MICHEL MARTIN, HOST:
I'm Michel Martin, and this is TELL ME MORE from NPR News. It is our final week of programming here on TELL ME MORE. And we wanted to draw attention to the kinds of stories that have been important to us in our past seven years on the air. One of the show's missions has always been to highlight international stories that you might not be hearing anywhere else or perhaps in a depth that goes beyond coverage in other places. And so today we'd like to hear from those who have helped make that happen. For us and for many listeners, frankly, NPR's coverage of Africa is synonymous with the name Ofeibea Quist-Arcton. Over the years, she's brought us news from Sudan, Ghana, South Africa and, of course, Dakar, Senegal, her base. So we were very happy to be able to hear from her one last time - in this venue, anyway. Ofeibea, welcome back. Thanks so much for joining us once again.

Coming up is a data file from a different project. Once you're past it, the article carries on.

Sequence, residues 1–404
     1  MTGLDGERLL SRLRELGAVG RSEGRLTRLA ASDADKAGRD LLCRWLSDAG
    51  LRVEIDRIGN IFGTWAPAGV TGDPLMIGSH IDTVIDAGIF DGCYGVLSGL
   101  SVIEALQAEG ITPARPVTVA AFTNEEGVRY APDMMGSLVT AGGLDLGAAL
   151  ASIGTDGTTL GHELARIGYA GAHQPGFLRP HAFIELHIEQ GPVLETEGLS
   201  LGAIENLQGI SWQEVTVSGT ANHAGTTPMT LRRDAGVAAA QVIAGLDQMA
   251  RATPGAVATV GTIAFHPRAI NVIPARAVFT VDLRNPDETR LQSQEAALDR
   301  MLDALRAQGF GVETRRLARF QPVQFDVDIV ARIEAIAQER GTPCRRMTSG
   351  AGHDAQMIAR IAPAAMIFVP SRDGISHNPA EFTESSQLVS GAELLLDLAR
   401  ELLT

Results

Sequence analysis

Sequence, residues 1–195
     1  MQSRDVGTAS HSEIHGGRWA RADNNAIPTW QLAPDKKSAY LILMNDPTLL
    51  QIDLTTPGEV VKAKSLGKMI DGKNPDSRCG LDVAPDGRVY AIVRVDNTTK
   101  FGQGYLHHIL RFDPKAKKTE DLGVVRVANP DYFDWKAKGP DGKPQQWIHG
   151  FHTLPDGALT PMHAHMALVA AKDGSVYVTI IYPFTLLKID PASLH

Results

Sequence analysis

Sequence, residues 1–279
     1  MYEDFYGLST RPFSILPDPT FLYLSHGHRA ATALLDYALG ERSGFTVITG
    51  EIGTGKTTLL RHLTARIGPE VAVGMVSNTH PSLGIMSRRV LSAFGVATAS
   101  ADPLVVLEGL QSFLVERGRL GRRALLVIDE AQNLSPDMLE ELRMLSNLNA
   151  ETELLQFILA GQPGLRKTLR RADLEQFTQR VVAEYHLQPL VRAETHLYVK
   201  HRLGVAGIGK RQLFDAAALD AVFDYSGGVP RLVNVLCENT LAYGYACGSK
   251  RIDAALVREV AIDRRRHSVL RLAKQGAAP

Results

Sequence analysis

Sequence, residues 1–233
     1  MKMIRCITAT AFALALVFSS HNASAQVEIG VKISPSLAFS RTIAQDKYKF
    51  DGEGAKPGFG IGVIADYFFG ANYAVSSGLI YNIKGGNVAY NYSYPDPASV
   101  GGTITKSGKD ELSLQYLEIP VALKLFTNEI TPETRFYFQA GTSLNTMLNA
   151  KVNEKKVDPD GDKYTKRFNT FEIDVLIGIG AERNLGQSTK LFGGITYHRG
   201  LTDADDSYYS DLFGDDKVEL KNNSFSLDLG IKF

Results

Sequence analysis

OFEIBEA QUIST-ARCTON, BYLINE: Greetings - and this time, from London.
MARTIN: So, we'd like to talk about some of the stories that we're not hearing much about that you'd like to share with us in a minute. But I would like to start with some news out of West Africa. A lot of people are paying attention to this growing outbreak of Ebola that's killed more than 650 people so far. Now, this is the largest number of deaths ever recorded. It's put countries like Guinea, Sierra Leone, Liberia and now Nigeria, on notice. And we are hearing, even, that some medical workers now have been affected by this, and they're testing positive for the virus. Could you just tell us a bit more about why do people think that this has spread in this way, at this particular time, and anything you can tell us about this?